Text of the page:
Is religious freedom under siege because of the ascendancy of the gay rights movement? That’s literally an article of faith for some Christians. Supporters of gay rights in general and same-sex marriage in particular ridicule such alarms.
My own view is that there are a small number of situations in which the 1st Amendment does entitle religious opponents of homosexuality or same-sex marriage to engage in what would otherwise be illegal discrimination.
For example, I was sympathetic to the claim of the Christian Legal Society at the UC Hastings College of Law that it should be able to limit its leadership to students who assented to (and lived by) the traditional view that sex outside heterosexual marriage is a sin. I also think the New Mexico Supreme Court was wrong to rule that a wedding photographer must put her talents to use in commemorating a same-sex union. That amounts to compelled speech; it’s analogous to requiring a Democratic speechwriter to work for a Republican political candidate.
But these are exceptional situations. In most cases, providing services to gay couples implicates neither the internal governance of a religious organization nor compelled speech. A court in Colorado rightly rejected a baker’s claim that making a cake for a gay couple would violate his rights. As the judge put it, the baker had been asked “to bake a cake, not make a speech.” Likewise, operators of hotels, restaurants and other public accommodations shouldn’t be able to cite religious freedom as a reason to refuse to feed or house gay couples.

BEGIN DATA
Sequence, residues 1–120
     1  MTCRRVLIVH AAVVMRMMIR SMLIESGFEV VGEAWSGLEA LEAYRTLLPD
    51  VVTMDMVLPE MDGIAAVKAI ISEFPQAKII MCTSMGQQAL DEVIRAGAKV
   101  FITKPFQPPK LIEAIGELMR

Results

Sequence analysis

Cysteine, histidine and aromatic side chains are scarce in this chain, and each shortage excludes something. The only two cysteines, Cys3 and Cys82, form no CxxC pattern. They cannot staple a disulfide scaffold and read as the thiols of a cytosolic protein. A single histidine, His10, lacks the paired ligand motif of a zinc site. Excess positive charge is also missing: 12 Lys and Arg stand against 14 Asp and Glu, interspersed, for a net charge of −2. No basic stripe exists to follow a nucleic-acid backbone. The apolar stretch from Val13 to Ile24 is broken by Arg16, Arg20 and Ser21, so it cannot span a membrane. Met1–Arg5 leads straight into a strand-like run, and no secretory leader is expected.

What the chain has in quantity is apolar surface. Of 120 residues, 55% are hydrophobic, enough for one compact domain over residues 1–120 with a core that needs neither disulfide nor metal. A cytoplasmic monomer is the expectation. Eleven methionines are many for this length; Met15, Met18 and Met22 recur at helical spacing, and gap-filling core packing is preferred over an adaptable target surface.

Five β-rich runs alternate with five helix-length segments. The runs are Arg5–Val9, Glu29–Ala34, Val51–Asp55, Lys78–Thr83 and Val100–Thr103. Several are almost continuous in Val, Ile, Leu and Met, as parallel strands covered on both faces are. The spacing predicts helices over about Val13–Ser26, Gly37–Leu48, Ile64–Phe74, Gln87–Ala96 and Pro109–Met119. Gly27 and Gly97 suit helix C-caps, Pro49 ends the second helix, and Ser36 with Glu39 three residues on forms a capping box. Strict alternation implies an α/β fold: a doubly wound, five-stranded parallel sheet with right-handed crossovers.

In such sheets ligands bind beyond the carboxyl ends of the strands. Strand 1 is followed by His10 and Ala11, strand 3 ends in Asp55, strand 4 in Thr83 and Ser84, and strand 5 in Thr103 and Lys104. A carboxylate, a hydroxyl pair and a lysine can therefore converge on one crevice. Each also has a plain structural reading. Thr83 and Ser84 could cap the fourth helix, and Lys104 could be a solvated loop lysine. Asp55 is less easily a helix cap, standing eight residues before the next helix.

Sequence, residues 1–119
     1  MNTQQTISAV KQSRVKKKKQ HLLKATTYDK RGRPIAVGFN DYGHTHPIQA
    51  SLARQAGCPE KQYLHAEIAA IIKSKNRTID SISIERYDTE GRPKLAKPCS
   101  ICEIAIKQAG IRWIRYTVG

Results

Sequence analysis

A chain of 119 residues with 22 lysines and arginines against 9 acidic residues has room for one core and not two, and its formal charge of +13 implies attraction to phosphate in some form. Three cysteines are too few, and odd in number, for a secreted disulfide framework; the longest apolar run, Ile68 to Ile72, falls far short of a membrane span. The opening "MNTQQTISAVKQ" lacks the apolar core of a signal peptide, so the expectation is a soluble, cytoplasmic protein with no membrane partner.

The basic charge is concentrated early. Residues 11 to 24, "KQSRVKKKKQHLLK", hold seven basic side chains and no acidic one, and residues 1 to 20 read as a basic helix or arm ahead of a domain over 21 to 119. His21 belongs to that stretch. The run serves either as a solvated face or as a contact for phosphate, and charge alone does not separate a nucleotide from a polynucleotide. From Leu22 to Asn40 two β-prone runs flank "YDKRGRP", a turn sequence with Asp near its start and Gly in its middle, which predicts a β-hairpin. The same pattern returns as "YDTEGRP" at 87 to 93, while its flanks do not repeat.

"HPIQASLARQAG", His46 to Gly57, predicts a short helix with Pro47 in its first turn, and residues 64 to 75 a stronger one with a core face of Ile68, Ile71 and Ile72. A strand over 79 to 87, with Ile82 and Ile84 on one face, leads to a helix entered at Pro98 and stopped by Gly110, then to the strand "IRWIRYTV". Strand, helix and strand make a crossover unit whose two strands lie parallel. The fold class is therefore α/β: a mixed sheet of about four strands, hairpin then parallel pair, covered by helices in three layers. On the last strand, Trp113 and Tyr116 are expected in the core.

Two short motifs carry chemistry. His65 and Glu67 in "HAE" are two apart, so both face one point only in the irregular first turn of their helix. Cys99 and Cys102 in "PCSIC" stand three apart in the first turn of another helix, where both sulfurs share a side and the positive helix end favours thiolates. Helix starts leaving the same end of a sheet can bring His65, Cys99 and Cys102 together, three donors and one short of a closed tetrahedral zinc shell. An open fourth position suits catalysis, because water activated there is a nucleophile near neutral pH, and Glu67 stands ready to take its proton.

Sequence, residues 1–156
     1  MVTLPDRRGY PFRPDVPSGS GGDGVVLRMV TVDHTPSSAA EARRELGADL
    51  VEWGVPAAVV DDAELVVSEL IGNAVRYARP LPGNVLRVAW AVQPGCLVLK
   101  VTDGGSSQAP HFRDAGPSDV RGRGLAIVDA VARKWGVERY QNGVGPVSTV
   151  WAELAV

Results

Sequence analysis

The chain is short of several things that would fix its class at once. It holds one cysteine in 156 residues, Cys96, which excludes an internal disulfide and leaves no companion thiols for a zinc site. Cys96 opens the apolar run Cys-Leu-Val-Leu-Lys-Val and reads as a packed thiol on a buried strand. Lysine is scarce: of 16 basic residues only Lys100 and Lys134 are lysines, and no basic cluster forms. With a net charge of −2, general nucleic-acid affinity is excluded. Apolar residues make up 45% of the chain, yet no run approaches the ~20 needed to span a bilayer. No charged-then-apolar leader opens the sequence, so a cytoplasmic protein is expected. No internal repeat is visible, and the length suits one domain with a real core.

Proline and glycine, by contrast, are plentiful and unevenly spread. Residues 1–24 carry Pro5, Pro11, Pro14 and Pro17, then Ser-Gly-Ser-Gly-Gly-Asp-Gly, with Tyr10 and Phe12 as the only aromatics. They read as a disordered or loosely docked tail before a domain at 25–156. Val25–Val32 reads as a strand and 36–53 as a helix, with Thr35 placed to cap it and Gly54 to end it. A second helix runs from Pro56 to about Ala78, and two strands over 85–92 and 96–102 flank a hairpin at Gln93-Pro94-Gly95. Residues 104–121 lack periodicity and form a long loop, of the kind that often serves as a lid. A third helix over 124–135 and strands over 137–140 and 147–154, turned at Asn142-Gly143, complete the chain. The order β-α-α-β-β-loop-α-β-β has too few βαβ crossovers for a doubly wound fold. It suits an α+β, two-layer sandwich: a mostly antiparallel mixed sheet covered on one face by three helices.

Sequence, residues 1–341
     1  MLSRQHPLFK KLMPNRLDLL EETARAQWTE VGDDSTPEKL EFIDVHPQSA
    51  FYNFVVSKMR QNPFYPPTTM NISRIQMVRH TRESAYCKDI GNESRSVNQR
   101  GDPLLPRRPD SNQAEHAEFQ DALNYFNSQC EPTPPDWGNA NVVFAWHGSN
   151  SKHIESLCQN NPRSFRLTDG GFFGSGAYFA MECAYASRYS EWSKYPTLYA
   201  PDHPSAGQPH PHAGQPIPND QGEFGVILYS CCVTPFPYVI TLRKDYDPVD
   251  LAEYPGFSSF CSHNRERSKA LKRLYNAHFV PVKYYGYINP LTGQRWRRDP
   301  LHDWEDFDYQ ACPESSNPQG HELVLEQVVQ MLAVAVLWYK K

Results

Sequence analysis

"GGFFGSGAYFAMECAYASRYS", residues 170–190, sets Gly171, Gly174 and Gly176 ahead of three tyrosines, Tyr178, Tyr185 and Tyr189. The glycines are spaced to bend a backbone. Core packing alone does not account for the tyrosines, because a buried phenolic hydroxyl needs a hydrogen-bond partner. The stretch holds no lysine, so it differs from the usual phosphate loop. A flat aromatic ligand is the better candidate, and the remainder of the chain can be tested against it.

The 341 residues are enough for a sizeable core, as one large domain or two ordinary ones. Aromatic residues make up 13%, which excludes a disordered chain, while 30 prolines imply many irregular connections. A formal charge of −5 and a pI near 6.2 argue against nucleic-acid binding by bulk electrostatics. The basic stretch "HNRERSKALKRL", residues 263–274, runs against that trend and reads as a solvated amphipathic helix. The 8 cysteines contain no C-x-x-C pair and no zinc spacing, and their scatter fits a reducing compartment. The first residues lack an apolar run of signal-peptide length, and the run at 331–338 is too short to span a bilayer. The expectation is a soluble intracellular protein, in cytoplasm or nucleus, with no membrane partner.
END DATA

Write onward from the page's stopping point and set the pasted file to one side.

The problem is that, even if the 1st Amendment gives them an inch, opponents of same-sex marriage insist on taking a mile. That’s an accurate characterization of a law passed by the Kansas House of Representatives that fortunately seems to be stalling in the state Senate.
House Bill 2453 says that “no individual or religious entity shall be required by any governmental entity to do any of the following, if it would be contrary to the sincerely held religious beliefs of the individual or religious entity regarding sex or gender: (a) Provide any services, accommodations, advantages, facilities, goods, or privileges; provide counseling, adoption, foster care and other social services; or provide employment or employment benefits, related to, or related to the celebration of, any marriage, domestic partnership, civil union or similar arrangement; (b) solemnize any marriage, domestic partnership.”
The bill also would allow government employees to refuse to assist gay couples seeking services to which they are entitled. When such a conflict arose, the agency would have to substitute another employee. The statute isn’t a model of clarity, but it’s possible that it would allow a county clerk to refuse to help a gay couple with paperwork associated with a will or a real estate transaction. That’s outrageous.
If opponents of same-sex unions continue to press for this sort of expansive exemption — through litigation or legislation — it will be harder for them to receive a respectful hearing when there really is a conflict between gay rights and religious freedom.
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